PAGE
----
Saturday, October 30, 2010

The whole is greater than the sum of its parts.

Learning to simplify.
Setting up your sketch box and starting a painting on location can at times be overwhelming. Sorting through all of nature’s complexities and distilling that information down to its basic elements is no easy task. When confronted by the natural world, at times it seems we are trying to bring order to chaos? Even once we have the forms and masses blocked in we still must decide on how much pictorial detail (what to put in, what to take out) we need to include to convey the scene and intention of the piece.
The best advice to simplify your subject is to see it as uncomplicated complete patterns of shape, massing in shapes like puzzle pieces and eliminating unnecessary details. This is certainly a well founded and conventional approach. But only as long as we keep the intention of the scene and see the patterns of the whole. So no matter how simple we begin we are always involved with composition. And to simplify composition we need to understand its elements.

If a really great painting is more about what we leave out than put in, we need to know what those things are that we left out.

Most artists have already been given the tools to deal with simplifying way back in the basic design classes we took. Condensing complex imagery into understandable and communicative forms is basic design fundamental.

The Elements of Art: -Form-Line- Shape-Color-Texture-Space-Value
The Principles of Design: -Emphasis-Balance-Harmony-Variety-Movement-Rhythm-Proportion-Contrast-Unity.

The organization of these fundamentals forms composition. Composition is the organization of related elements into a meaningful coherent whole.
The word composition means put together – “com” is together – “ponere” means put.

So it is the “act” of composing or compounding. The mechanics of composing can be analyzed by these formal fundamentals separately however these elements become interrelated and dependent upon the other.

So it is important to appreciate them individually and but more importantly
understand them when acting together.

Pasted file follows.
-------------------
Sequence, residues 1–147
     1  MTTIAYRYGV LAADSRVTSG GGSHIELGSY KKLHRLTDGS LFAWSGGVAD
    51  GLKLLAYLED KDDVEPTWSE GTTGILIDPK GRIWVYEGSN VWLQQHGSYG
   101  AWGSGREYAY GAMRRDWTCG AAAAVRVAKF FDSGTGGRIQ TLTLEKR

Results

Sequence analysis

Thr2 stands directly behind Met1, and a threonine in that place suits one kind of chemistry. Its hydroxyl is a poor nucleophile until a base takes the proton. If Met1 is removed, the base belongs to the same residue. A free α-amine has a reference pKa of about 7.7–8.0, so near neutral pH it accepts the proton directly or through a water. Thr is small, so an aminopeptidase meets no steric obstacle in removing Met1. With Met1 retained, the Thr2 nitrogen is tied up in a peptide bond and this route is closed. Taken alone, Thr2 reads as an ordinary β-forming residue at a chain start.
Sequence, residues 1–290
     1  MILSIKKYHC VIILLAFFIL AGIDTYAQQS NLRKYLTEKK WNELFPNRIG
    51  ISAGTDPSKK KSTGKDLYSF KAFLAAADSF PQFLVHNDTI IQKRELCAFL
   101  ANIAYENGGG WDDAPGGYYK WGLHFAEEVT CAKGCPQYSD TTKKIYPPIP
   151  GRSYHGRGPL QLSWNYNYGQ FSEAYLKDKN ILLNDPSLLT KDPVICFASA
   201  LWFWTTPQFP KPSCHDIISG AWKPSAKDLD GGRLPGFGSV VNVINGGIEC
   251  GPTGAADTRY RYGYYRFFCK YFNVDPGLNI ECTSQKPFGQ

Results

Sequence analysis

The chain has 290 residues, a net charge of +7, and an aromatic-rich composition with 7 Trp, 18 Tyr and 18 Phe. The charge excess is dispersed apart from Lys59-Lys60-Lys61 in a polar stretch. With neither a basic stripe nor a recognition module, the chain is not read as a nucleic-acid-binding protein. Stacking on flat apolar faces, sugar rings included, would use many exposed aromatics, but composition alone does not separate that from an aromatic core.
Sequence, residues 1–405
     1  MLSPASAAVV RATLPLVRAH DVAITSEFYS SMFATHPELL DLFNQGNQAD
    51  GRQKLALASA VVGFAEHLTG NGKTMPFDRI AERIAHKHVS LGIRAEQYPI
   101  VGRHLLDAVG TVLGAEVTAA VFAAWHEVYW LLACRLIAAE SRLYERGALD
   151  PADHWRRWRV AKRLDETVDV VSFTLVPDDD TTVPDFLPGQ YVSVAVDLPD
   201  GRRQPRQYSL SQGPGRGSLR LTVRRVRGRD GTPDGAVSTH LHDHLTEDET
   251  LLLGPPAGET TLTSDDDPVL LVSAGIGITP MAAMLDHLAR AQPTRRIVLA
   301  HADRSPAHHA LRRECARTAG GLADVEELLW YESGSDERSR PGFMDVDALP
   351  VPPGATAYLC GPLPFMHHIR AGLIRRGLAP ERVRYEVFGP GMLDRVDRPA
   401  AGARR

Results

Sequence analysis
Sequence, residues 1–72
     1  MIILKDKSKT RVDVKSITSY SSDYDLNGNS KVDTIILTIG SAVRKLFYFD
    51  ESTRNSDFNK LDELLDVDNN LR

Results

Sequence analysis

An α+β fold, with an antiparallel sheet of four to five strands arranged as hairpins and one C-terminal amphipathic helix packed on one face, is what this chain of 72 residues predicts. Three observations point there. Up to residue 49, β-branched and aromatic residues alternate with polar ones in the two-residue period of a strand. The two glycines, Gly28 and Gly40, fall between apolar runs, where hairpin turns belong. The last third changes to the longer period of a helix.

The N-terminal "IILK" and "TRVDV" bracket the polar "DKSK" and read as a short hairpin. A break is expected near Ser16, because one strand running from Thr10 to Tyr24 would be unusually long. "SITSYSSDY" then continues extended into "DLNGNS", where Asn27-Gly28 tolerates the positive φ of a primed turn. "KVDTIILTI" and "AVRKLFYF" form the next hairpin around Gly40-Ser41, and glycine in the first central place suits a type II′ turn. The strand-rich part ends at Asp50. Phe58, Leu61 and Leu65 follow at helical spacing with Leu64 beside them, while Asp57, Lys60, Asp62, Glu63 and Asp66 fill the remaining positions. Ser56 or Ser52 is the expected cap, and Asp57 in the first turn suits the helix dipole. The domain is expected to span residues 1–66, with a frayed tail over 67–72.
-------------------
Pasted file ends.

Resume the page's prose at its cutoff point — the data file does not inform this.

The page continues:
This idea is beautifully and simply express by a great Greek philosopher.

“The whole is more than the sum of its parts.”  Aristotle

An artist needs a strong understanding of these fundamentals to compose and to simplify.
They are tools that will be used over and over and need to be embedded in a students mind so that they can become instinctive and non cognitive.

"A painter needs to study, meditate and experiment and practice interminably in order to produce a painting that would have nobility in its concept, variety, rhythm, repetition, unity, balance and harmony in its composition"
--  ( Edgar A. Payne )

"There can be no dissent from the maxim, that a knowledge of integral parts is essential for the construction of a whole - that the alphabet must be understood before learning to spell, and the meaning of words before being able to read"
--From Asher B. Durand's 1855 Letters on Landscape Painting

Learning to see the whole.
Select a great work of art you truly admire and critique it by basic design fundamentals.
One can quickly pick out the artists use of elements and principles, and still not find what exactly gives that particular work its excellence or intrinsic appeal. (Elegance and beauty). There is an inherent quality in great masterpieces that defy/challenge technical analysis or description.  To see the aesthetic value, we often have to look for what is not there. This leads to the second aspect of composition, which is more intuitive and based on our feelings or sense towards the subject, “Expression”, which we must consider an element of composition, no matter how elusive or hard it may be to describe. Is the most powerful and lasting element in art. It can make contact with our senses, emotion and intellect.

L'essentiel est invisible pour les yeux.
 ("One sees clearly only with the heart. The essential is invisible to the eyes.")
The Little Prince  by Antoine de Saint-Exupéry  

We can mimic each of those elements, combine them and not create a work of art of any inherent value. Why, because we create art as a whole, it is not a collection of pieces.
This intrinsic appeal or quality transcends fundamentals for they have become second nature to a master painter. It is a deep bedded artistic language requiring no more effort on their part than breathing. What we must emulate is the intellectual process, making fundamentals an innate part of our daily thinking and artistic vocabulary.

“A main objective in the art of painting is to disguise, insofar as possible, the use of methods or the influence of principles.
  This concealment creates, so to speak, a great mystery – an attractiveness, unseen and indescribable. This abstract quality is the element that places pictorial work in the realm of fine art.”

- - (Edgar A. Payne)

I started this article wanting to talk about learning to simplify. So how did an article about understanding the essentials evolve into such large topics as the elements of art, principles of design, Aristotle, Gestalt theory and intrinsic appeal?
A well composed painting is a complex thought process of simplification.

Simplification “is” composition. To create compositions we must understand elements of art intrinsically. So that we can remove them at will creatively and inventively.
Great composition is more a matter of what you leave out than what you put in.  

Explore - Question - Learn - Enjoy, Jim

Edgar Payne Gallery
Composition of Outdoor Painting by Edgar A. Payne

Asher B. Durand - biography
Current Durand Exhibition / Madrid 
Kindred Spirits - Asher Durand and the American Landscape 

Statue of Aristotle at the university of Freiburg im Breisgau, Germany.
 By Cipri Adolf Bermann (1862–1942)
Photo: Michael Schmalenstroer

Mr. Payne and Mr. Durand and Mr. Aristotle and Mr. Saint-Exupéry